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What The U.S. Airline Industry Could Look Like In 2035



Ben Baldanza

September 22, 2022.


The airline industry is always in a state of change. The proven strategies of 1980s did not work in the 1990s, and what worked then would fail today. Airlines that have survived have done so in part because they have learned to adapt to a changing landscape. Today’s industry is dealing with labour shortages and wage pressure, uncertain business demand, and increasing sustainability requirements from investors.


One thing for sure is that the U.S. airlines a decade from now, or rounded to 2035, will be different than today. Some things are easier to predict than others, but here are five likely changes we will see:


More Consolidation And Smaller Regional Fleets


Scale is rewarded for airlines in several ways. Fixed administrative costs do not grow at the same rate as production, making them an increasingly smaller percentage of costs. Buying airplanes by the hundreds gets a better rate than buying by the dozen, and this purchase efficiency extends through many things the airline buys. On the revenue side, adding scale often increases consumer relevancy, making the airline more attractive to more customers and giving a modicum of pricing control.


This is why consolidation among the U.S. airlines has been an ongoing issue. Today, four airlines — American, Delta, Southwest and United — carry about 80% of all domestic travelers. Competing with these four, for a much smaller airline, is challenging in many ways. That’s why consolidation among the airlines not part of the big four is likely. Also, three of the big four rely on service flown by regional airlines. This allows them to serve smaller and mid-size cities more efficiently, and these flights often feed big hubs that can create worldwide connections.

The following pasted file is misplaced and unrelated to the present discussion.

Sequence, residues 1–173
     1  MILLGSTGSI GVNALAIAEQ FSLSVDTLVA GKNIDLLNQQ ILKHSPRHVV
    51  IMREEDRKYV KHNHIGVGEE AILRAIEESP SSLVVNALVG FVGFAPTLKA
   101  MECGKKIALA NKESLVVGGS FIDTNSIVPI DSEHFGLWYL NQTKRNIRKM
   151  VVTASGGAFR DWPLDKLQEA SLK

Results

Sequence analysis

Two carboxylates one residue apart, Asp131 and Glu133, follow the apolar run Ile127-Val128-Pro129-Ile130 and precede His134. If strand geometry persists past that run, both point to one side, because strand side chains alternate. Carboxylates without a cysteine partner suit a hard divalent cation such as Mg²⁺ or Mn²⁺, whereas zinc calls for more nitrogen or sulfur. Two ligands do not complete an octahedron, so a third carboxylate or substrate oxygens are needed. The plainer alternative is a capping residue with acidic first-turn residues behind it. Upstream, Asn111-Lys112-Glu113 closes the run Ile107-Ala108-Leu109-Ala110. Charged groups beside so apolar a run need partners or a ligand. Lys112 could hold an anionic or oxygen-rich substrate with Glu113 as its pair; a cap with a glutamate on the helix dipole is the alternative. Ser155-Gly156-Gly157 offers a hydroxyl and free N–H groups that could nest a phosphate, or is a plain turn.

The regional industry industry is feeling the brunt of the pilot shortage, and this pressure will continue. Raising regional pilot pay is already happening, and this, over time, lessens the efficiency of using regional suppliers. These effects mean consolidation in the regional space is likely, especially since it would give the regionals more leverage with the big airlines buying their services. So, by 2035 it is likely we will see fewer total airlines, especially in the regional space, and fewer regional services as a percentage of all domestic flights.


Further Big City Congestion With eVtols And Drones


The largest cities in the U.S. tend to have the most congested airspace. Flight delays can affect any flight, but disproportionately hit places like New York and Southern California. These busy areas are also the most likely areas for high drone delivery and eVtol vertiports . The busy places will only get busier, making operational challenges increase as the decade changes.


These emerging technologies have many advantages and may ultimately help to make the busiest places more efficient. But by 2035, these technologies will still be in their infancy meaning that things will still be getting worse before they get better. Expect that air congestion will increase as the world works through the introduction of these exciting technologies.


More Efficient Fleets With Hydrogen On Order


Airbus has published a benchmark of how airlines can meet a 2050 net-zero commitment. One important piece of that plan is to bring all current fleets to the most current level of technology. Airplanes like the Airbus A320NEO, the Boeing 737MAX, and the newest wide-body planes are significantly improved machines in terms of production and fuel usage. Over the next dozen years, we will see many of these currently available aircraft replace older, more fuel-inefficient fleets flying all over the world. This will move the industry toward a stronger sustainability position and support reaching the 2050 net-zero goal.